Cavaliers’ title aspiration don’t end with another ACC crown
CHARLOTTESVILLE, Va. (AP) Malcolm Brogdon expects his final year at Virginia to be nothing like his first.
That 2011-12 team, he said, was hoping to win more than half its games. This one eyes a national championship.
The Cavaliers developed the same goals during last season when they spent much of the campaign ranked No. 2 in the country. They finished with a 30-4 record, but lost to Michigan State in the second round of the NCAA tournament.
”We want to make a run in March,” the second-team All-American guard from a year ago said. ”It’s not good enough to be ACC regular (season) champions. We want to win a national championship and that’s what the goal is.”
The Cavaliers have plenty of firepower back from last season, when they won their second consecutive regular season title in the Atlantic Coast Conference and became the first team other than Duke or North Carolina to do it.
They also won their second straight national scoring defense title, holding teams to 51.1 points per game.
Expectations for more can be burdensome, but forward Anthony Gill thinks experience will help the Cavaliers.
”We just have to be humble about it,” he said.
Virginia lost two starters off last season’s team in guard Justin Anderson, their best 3-point shooter and a defensive stopper, and forward Darion Atkins, whose back-end defense and rebounding helped make everything work.
The Cavaliers don’t have a proven go-to scorer, so to replace them they will look increasingly to Brogdon (14 ppg), Gill (11.6) and 7-footer Mike Tobey (6.9) to lead what figures to be a very balanced scoring attack.
Some players also acknowledge harboring a sense of unfinished business. Virginia was in the top 10 all last season, and was No. 2 for much of the year, but lost to Michigan State after winning just one NCAA tournament game.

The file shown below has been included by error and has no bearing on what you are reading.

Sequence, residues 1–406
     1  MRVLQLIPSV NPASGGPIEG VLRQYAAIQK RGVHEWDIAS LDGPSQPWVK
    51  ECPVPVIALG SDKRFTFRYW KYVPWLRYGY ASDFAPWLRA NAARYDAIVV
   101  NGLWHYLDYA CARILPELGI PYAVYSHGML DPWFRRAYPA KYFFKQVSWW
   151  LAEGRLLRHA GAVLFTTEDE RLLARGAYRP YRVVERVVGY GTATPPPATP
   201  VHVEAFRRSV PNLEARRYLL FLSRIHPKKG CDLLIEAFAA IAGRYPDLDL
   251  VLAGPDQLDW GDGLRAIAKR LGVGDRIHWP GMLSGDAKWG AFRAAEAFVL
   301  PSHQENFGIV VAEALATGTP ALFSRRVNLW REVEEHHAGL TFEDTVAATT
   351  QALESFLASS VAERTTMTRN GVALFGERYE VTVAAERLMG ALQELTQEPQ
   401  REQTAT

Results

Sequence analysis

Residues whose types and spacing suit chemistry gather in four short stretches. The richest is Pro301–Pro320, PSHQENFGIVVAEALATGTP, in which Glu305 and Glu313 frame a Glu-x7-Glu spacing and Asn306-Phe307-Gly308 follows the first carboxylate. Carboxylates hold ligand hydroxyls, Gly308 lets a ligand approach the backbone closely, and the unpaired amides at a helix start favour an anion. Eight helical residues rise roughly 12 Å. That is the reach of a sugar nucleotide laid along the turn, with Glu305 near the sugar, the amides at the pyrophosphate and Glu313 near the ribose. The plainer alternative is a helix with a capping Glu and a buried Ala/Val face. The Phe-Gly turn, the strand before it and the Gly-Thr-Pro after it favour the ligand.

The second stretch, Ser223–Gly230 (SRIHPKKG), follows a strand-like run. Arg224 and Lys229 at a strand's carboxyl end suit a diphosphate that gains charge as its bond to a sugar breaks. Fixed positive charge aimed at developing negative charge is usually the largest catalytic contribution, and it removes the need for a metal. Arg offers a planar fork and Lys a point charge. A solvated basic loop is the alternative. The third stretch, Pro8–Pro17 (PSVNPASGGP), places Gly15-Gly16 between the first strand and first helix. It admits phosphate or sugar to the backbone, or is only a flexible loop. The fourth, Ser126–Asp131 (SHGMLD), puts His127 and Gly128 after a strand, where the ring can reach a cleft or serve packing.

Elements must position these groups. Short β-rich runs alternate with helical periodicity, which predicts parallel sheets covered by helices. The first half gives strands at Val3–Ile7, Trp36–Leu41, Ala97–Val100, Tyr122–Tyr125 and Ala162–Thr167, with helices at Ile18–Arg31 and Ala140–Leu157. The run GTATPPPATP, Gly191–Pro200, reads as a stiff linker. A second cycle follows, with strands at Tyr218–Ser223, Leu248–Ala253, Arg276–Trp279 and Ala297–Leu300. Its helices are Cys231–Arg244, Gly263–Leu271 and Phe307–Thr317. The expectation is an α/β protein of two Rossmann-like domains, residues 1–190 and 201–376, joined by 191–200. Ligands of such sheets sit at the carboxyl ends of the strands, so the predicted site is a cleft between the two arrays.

”I think we all still have that bad taste in our mouth,” Tobey said.
Bennett has changed the culture and expectations for the Cavaliers, point guard London Perrantes said, and the results make it easier to get eager newcomers to understand that there’s a way to play the Virginia way.
”It’s not too much to get people to buy in, and when we all buy in, we’re deadly,” Perrantes said.
Here are some other things to watch with the Cavaliers this season:
THIRTY-SECOND CLOCK: The Cavaliers figure to feel the change to a 30-second shot clock more on the offensive end than on defense, where they have excelled in recent years. Speeding up the attack, and getting some easy baskets in transition would minimize the shot clock’s impact on a deliberate offensive attack.
DEFENSIVE STOPPER: Darion Atkins (Knicks) and Justin Anderson (Mavericks) have both moved on to the NBA, leaving the Cavaliers without their two most noticeable defenders. Improving their outside defense and getting Tobey or Gill or Isaiah Wilkins to effective defend the painted area – and rebound – is key.
TOBEY FACTOR: Mike Tobey has been an enigma since he arrived at Virginia, at times dazzling with his scoring and rebounding ability, at others disappearing from the action. Bennett says he’s seen a sense of urgency from the 7-footer as he heads into his final season, and a sustained Tobey presence makes them a likely title contender. ”There’s nothing like being in your last year,” Bennett said of Tobey. ”I’m excited for what I’ve seen.”
SHOOTING: Bennett’s teams have often relied on the ability of players to get, and make, open 3-point shots, and this team doesn’t have someone with a proven history of lighting it up from deep. Say Bennett: ”If we think we can live and die by the three, we’re not made up like that.” But Justin Anderson was a sub-30 percent 3-pointer shooter before making nearly half last season, and if someone can make a similar jump this season, so will the Cavaliers’ prospects.
SCHEDULE: Bennett amped up the non-conference schedule this year with games against George Washington, Ohio State, Villanova, West Virginia and California before ACC play begins. The goal is to worry less about rankings and be more prepared for the challenges and focus a team needs to be successful in the postseason.
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